While the authors of this article hypothesize that the beneficial actions of inhaled APC in VILI result from inhibition of activation of the extracellular-regulated kinase (ERK) pathway, this potential mechanism is not directly explored. Rather, diminished ERK activation is shown in lung homogenates and in cultured lung epithelial cells after treatment with APC. However, it remains unclear whether the decrease in ERK activation is the cause of the beneficial effects of APC or rather is simply a reflection of the decrease in inflammation produced by APC treatment. Additional experiments in which ERK was specifically inhibited would be necessary to determine the importance of this signaling pathway in modulating the effects of APC in VILI.

Several previous studies have shown that inhaled APC reduces lung injury and inflammation in models of LPS-induced lung injury [810]. In those studies, despite decreases in histologic indices of lung injury, neutrophil numbers and concentrations of proinflammatory cytokines did not appear to be reduced after APC treatment. In contrast, in at least one study, inhaled APC did reduce the severity of coagulation abnormalities in the lungs [10]. Such results suggest that the beneficial effects of inhaled APC may result from reversing alterations in coagulation and fibrinolysis, which are almost ubiquitous findings in acute lung injury, or possibly from diminishing the enhanced apoptosis of epithelial and other cell populations which accompanies acute lung injury.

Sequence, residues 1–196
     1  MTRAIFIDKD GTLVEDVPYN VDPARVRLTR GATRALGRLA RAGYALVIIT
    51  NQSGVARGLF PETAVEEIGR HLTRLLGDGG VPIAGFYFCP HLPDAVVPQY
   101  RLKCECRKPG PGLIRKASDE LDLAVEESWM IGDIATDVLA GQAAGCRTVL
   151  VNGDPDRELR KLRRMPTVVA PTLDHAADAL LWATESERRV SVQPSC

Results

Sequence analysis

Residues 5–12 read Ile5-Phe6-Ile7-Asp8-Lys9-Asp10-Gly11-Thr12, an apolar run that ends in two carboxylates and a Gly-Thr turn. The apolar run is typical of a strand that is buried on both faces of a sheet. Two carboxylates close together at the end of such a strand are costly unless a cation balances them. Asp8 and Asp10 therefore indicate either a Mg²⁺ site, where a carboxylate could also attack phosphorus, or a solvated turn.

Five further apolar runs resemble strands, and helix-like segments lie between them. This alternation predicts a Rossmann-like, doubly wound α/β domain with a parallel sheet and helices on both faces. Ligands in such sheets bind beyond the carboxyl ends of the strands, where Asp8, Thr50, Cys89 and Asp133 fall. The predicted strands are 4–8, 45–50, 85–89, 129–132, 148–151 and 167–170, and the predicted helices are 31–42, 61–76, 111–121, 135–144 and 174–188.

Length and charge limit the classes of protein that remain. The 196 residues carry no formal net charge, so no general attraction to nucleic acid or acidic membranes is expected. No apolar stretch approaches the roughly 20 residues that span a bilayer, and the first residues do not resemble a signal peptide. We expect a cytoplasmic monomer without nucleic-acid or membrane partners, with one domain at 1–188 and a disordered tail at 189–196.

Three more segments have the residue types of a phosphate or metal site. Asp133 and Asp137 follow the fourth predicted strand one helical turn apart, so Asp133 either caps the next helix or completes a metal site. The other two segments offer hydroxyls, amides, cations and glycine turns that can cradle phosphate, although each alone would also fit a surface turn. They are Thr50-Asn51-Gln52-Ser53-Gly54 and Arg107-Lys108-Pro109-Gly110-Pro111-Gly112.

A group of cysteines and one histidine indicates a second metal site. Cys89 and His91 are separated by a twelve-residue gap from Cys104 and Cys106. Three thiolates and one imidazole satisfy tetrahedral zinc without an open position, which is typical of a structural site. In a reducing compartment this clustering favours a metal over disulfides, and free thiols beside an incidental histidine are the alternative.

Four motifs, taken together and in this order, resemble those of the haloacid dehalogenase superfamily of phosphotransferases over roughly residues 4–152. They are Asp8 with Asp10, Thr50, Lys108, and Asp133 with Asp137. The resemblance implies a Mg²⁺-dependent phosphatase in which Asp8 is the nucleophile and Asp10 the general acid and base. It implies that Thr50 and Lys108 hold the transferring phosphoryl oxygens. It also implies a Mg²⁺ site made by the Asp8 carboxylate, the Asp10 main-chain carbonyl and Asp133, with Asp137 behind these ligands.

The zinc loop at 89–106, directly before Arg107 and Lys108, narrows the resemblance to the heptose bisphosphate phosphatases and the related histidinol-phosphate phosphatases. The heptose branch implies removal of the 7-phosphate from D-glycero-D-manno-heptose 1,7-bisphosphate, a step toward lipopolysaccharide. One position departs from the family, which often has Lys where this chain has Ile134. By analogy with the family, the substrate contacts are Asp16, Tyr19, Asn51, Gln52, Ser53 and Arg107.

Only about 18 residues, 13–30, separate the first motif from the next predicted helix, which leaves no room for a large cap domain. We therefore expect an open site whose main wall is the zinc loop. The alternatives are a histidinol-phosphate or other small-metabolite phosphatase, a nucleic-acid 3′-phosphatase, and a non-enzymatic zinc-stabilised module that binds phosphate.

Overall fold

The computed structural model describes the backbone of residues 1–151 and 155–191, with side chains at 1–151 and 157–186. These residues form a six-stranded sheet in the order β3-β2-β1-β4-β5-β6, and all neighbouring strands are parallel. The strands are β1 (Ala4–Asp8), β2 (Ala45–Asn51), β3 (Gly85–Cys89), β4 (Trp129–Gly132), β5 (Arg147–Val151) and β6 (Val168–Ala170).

In the present experiments, treatment with APC was started before the initiation of injurious ventilation. Therefore, it remains unknown at present whether inhaled APC would be beneficial if initiated after the lungs have been exposed to large tidal volumes, an important clinical issue. Additionally, low-tidal-volume ventilation has become the standard of care in critically ill patients because of studies showing that its use improves outcome, including diminishing mortality, in patients with acute lung injury and also is likely to prevent the development of lung injury when used as the initial mode of ventilation [1114]. Therefore, the clinically relevant questions now become whether inhaled APC can diminish the severity of lung injury when used in conjunction with low-tidal-volume ventilation in the presence of acute lung injury due to sepsis or other etiologies and whether inhaled APC can prevent or minimize primary or secondary lung damage when low tidal volumes are used for mechanical ventilation.



activated protein C


extracellular-regulated kinase




ventilator-induced lung injury.


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This work was supported, in part, by National Institutes of Health grants GM87748 and HL76206.

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Correspondence to Edward Abraham.

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Abraham, E. Inhaled activated protein C: a new therapy for the prevention of ventilator-induced lung injury?. Crit Care 14, 144 (2010).